But how do we know that? What is the foundation of this confidence, the warrant for this audacity? The next two verses explain how we know this by faith:

For those whom he foreknew he also predestined to be conformed to the image of his Son, in order that he might be the firstborn among many brothers. And those whom he predestined he also called, and those whom he called he also justified, and those whom he justified he also glorified. Romans 8:29-30

In verse 28 Paul tells us that all things work together for our good. Now Paul steps back and takes a wider view. In verse 28 he steps forward to press into the deeper truth of our experience right now, but in verses 29-30 he steps back and, with a wide-angle lens, takes in the whole sweep of God’s purpose for us from eternity past through time into eternity future. Our lives right now are the merest blink in the length of history, and the whole length of history is a brief parenthesis within the vast field of eternity. And we cannot see ourselves truly unless we see ourselves as people of eternity. Nothing in our culture encourages us to see our lives as a story of eternal grandeur. But God is telling us that we have something to live for so much bigger than the fifth-rate enticements of the moment. God has lifted us up into a grandeur only he could imagine.

Look at God’s purpose for us. Paul sums it up with five verbs: foreknow, predestine, call, justify, glorify. Let’s look at each one. First, God foreknew us. That is, God set his love on us before we loved him. In fact, he made his commitment before time began. Your life is so much more than the world can see, more than you can see. And your life is defined not by your sins and failures but by the loving purpose of God already settled in eternity past. Don’t give up. You could not be more thought about.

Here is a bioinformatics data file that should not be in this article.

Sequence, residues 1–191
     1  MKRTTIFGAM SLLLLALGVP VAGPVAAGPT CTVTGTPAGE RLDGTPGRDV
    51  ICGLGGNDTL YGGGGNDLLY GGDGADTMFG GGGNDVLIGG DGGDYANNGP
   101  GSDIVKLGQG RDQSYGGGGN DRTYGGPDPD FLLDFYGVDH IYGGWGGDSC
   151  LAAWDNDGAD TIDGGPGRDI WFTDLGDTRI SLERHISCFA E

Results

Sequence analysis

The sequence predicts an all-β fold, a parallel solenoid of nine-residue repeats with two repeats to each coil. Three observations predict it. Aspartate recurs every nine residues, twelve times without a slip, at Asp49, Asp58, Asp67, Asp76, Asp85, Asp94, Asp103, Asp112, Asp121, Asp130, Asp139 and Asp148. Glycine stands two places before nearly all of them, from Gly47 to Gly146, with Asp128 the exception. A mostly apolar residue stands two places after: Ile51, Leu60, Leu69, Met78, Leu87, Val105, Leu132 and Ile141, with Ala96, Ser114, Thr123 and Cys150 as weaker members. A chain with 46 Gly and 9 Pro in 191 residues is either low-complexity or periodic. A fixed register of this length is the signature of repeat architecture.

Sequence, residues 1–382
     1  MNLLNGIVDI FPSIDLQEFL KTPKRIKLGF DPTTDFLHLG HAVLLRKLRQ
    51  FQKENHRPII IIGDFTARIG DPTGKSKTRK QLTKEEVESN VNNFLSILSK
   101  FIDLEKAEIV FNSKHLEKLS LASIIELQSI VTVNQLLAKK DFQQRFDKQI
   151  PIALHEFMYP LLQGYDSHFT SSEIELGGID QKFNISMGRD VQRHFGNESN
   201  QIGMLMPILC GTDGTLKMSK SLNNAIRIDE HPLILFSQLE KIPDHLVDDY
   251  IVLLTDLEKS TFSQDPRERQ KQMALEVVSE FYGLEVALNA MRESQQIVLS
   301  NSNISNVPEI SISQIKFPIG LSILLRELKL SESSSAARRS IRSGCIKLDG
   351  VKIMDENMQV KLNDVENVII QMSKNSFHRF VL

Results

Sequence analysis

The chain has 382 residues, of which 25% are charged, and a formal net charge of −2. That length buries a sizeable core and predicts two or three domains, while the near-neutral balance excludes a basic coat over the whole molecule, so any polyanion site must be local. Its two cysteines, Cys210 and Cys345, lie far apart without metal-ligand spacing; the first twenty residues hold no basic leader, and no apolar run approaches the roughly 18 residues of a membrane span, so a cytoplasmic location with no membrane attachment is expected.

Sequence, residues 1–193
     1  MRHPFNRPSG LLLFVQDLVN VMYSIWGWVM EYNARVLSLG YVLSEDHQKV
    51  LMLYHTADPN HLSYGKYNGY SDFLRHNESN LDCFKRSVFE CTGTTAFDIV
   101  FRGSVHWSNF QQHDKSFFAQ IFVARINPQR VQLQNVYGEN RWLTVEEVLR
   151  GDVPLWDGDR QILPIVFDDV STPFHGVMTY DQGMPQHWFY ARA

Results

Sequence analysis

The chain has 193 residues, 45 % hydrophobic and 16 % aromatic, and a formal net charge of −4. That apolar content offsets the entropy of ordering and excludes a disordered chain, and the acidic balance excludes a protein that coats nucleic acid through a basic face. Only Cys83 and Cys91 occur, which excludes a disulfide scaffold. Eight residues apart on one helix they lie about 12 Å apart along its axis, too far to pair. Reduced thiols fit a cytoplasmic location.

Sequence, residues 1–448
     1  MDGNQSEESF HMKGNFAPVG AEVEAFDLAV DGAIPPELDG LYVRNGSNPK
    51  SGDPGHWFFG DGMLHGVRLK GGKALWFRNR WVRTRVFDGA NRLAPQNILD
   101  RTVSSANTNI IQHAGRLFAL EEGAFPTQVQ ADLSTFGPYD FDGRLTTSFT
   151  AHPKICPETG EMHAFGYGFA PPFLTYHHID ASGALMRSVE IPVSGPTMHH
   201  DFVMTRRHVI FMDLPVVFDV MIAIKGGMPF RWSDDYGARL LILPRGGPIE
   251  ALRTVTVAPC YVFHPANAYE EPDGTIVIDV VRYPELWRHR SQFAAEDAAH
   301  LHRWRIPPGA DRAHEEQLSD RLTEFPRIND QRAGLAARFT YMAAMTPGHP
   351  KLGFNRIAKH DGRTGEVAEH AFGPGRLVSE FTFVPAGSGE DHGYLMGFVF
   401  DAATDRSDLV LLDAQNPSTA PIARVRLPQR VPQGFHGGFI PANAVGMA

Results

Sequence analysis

Second, every single person that God foreknew he also predestined. Let’s not be afraid of that word. If you are in Christ, that word means that your destiny has been pre-decided by the love of God. In eternity past, God determined your final outcome in eternity future – that you and I would be like Christ (“conformed to the image of his Son”), for the glory of Christ (“in order that he might be the firstborn among many brethren”). The “firstborn” is biblical language for the pre-eminent one. And God has determined that we will share the glory of Christ with him. This includes “many brethren,” Paul says, because God has no intention of settling for a small success. After your first thousand years in heaven, recovering from your first glimpse of Jesus, you’ll finally look around and see “a great multitude that no one can number” (Revelation 7:9) – the most interesting people in history, the most charming and delightful and attractive. Isaiah will be there. Augustine will be there. Johann Sebastian Bach will be there, plus Jean-Paul Sartre and Isaac Newton and C. S. Lewis and Abigail Adams and Alice Cooper and Mr. T. And Jesus will be the hero at the center of that multitude.